Kemp described his four-point gubernatorial plan as follows: 1. Make Georgia the top state for small business by cutting regulations, streamlining state government and opposing healthcare reform that hurts small businesses. 2. Reforming state government by implementing a spending cap and eliminating wasteful programs and tax incentives based on return on investment to Georgia. 3. Strengthen rural Georgia by bringing high-speed internet and jobs to rural Georgia. 4. Defund sanctuary cities and put needs of Georgia ahead of status quo political interests. CLAY TIPPINS Clay Tippins graduated from the U.S. Navy Officer Candidate School and served on Navy SEAL Team One. He has worked for numerous technology companies including BrightStar and Capgemini. “If you look at our government you can make the argument that nothing has improved in the last Tippins 50 years,” Tippins said. “We’re going to have to do something differently if we’re going to survive.” Tippins shared his positions on the following issues: 1. Crime – “We’ve got to address sex trafficking and opioids. Atlanta is the number one city in the U.S. for sex trafficking, and the crime caused by opioid addiction has affected too many lives.” 2. Transportation – “We need to make significant investment in transportation. We need roads that bypass Atlanta.” 3. Education – “Third grade reading is our most pressing problem. Two-thirds of our third graders can’t read at a third-grade level.” 4. State spending – “We need to shave $2-$3 billion off the state budget.” Tippins says this is necessary so Georgia can fight crime, build roads and educate students in the future. 5. Agriculture – “I worked in technology for over a decade. I believe I’m the candidate who has the best experience to see it’s installed in rural Georgia. I will fight to protect water rights in Georgia.”

Georgia Farm Bureau News April-May 2018 / 9

GFB delegation discusses EPA regs, farm bill, ag labor & trade in D.C. Photo by Jay Stone

By Jay Stone

A view of the snow-covered U.S. Capitol on March 21. Visit to see more photos from the trip.


nvironmental Protection Agency (EPA) Administrator Scott Pruitt said the agency is making progress toward rules that would provide farmers clarity on what constitutes a water of the United States under the Clean Water Act. The new rules would replace the Waters of the United States (WOTUS) rule developed by the EPA and the U.S. Army Corps of Engineers. Pruitt spoke to Georgia Farm Bureau (GFB) members on March 21 during the organization’s annual County Presidents’ Trip to Washington, D.C.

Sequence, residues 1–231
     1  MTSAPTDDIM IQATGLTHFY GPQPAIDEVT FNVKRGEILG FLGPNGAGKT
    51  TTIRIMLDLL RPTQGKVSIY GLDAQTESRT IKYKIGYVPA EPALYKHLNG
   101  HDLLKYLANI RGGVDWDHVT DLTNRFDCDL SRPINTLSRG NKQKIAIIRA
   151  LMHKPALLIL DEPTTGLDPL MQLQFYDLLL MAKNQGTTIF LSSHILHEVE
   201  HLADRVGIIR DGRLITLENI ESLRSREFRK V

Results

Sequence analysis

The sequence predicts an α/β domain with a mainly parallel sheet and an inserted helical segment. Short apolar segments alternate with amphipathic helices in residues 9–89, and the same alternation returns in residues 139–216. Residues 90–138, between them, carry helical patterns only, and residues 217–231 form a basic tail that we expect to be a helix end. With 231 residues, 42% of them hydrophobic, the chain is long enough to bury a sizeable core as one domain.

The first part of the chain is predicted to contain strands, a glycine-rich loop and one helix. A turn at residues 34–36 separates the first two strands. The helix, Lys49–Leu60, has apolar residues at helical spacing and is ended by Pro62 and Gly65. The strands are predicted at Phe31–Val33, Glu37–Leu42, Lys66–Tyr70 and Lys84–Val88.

objectively measured. When we make jurisdictional determinations, the objective criteria by which we measure that is important. We don’t want people guessing,” Pruitt told GFB media. GFB has supported repealing the WOTUS rule since it was initially proposed in 2013. Pruitt also addressed the Comprehensive Environmental Response, Compensation and Liability Act (CERCLA), which was enacted to address hazardous waste like heavy metals and toxins entering the

Photo by Jay Stone

"To take that statute (CERCLA) and apply that to a farm, apply that to cattle... it's just wrong-headed." – EPA Administrator Scott Pruitt

The lawn of the U.S. Capitol was covered with snow on March 21 while GFB members were in D.C. for the organization’s Presidents’ Trip to Washington. 10 / April-May 2018

In accordance with an executive order from President Donald Trump early in 2017, the EPA repealed the WOTUS rule. Pruitt said the agency is nearing the completion of a replacement rule. At the same time, the EPA is delaying compliance requirements to 2020 and beyond. Pruitt said the 2015 rule was so broad that drainage ditches, puddles and prairie potholes would all be considered waters of the U.S. under its jurisdiction. “I think traditionally ‘navigable’ water should mean something. That should be

environment. Pruitt said it wasn’t intended to apply to farms and cattle, but courts have held farmers subject to CERCLA’s emissions reporting standards with respect to emissions from livestock. “To take that statute and then apply that to a farm, apply that to cattle out on a farm, it’s just wrong-headed. I don’t think the statute was intended to address that. So, we’re trying to take steps internal to the agency, through regulatory action, that will provide clarity and protection. At some point, it may be that Congress has to speak to this,” Pruitt said. Georgia Farm Bureau News

Photo by Jay Stone

Pruitt praised UGA Extension and Georgia row-crop farmers for their efforts to avoid spray drift issues in the application of the herbicide dicamba, the sale and use of which was suspended in other states last year. “Georgia did good work and because of that good work, we’re going to reap the benefit of that this year through certainty and confidence that it’s being used this way,” Pruitt said. “I think sometimes regulators’ first response is prohibit it, and that obviously is not the right approach. The right approach is to identify the problem – is the problem related to the chemical or is it related to practices around it?” More than 100 GFB members and staff